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Thumper barra rule the school
  |  First Published: February 2016



With the opening of the season barra, barra and more barra will become the goal of Mackay district anglers during February. Thankfully, some good early rain during January created the perfect conditions for creek and estuary barra action.

Anglers will be keen to get to local hotspots like Reliance, Constant and Murray creeks to the north, as well as the Pioneer River in the middle of Mackay. To the south I expect plenty of action in the Sandy and Alligator creek systems, Sarina area, and down to Rocky Dam Creek near Koumala. All these areas are serviced by concrete boat ramps, but take care, as many are more suited to half tide launching. This shouldn’t pose a huge problem as the best barra fishing is generally from half tide out to half tide in. Visitors to the area should check with local tackle shops for up to date info on ramps and tides.

Neap tides are the most popular with locals and allow better movement around the creeks at low tide. There is also a lot less tidal run to deal with, which can be a plus for the lure and fly anglers, although the popularity of plastics and vibes, means they can be fished in any amount of run, depending on the weight used.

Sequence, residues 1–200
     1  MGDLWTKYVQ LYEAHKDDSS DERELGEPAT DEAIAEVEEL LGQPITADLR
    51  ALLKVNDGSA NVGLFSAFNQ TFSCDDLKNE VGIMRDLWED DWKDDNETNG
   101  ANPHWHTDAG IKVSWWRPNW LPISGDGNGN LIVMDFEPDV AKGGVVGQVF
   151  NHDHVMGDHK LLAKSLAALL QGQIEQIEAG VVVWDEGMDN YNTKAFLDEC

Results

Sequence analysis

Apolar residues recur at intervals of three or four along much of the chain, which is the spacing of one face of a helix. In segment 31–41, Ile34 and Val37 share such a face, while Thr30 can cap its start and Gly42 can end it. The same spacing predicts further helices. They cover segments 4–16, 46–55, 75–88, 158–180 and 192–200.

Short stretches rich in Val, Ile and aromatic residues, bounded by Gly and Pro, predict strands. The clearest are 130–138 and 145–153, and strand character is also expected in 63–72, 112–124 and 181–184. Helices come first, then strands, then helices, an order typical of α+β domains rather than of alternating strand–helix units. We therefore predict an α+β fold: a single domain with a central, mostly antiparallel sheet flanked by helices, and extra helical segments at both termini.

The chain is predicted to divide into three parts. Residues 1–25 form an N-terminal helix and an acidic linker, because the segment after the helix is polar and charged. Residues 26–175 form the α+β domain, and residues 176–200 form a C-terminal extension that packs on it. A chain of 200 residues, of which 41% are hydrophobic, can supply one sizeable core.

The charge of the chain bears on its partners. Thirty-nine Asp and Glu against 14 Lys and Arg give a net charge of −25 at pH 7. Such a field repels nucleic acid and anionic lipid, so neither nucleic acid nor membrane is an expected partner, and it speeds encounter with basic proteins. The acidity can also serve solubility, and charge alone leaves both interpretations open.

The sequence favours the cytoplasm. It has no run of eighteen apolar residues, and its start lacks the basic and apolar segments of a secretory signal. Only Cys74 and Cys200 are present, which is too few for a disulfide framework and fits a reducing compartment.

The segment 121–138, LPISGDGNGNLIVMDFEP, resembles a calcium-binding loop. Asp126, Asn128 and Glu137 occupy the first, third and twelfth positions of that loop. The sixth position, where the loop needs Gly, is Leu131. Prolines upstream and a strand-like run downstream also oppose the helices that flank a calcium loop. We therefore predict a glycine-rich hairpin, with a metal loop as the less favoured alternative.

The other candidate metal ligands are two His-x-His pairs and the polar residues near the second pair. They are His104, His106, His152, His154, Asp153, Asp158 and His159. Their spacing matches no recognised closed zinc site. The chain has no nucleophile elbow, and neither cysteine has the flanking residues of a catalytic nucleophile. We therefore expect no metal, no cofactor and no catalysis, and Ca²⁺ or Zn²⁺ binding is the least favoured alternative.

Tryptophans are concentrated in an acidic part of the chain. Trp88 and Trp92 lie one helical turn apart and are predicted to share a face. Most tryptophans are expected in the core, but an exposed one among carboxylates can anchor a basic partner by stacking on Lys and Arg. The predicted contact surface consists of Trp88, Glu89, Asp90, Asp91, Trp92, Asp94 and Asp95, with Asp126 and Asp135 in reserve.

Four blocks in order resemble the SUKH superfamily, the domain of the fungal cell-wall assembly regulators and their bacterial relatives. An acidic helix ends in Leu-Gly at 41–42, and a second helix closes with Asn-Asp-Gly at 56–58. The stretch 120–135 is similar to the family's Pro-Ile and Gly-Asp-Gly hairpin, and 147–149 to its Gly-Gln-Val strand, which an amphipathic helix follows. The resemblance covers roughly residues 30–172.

Barra mooch around the mouths of small side gullies and creek junctions and these can be real hot spots as the tide runs out. Baitfish and prawns get flushed out of the mangroves and the barra, and jacks ambush them. This is an ideal scenario for the plastic prawn style lures like the reliable Prawnstar range, but there are now plenty of others like Zerek, Atomic, Squidgies to name a few with some great life-like imitations. Don’t charge up to a creek mouth, sneak up quietly by drifting, or use the electric outboard and cast the ‘prawn’ up into the gully and work it out into the main creek. Give any spot like this a good work over for at least 15 minutes.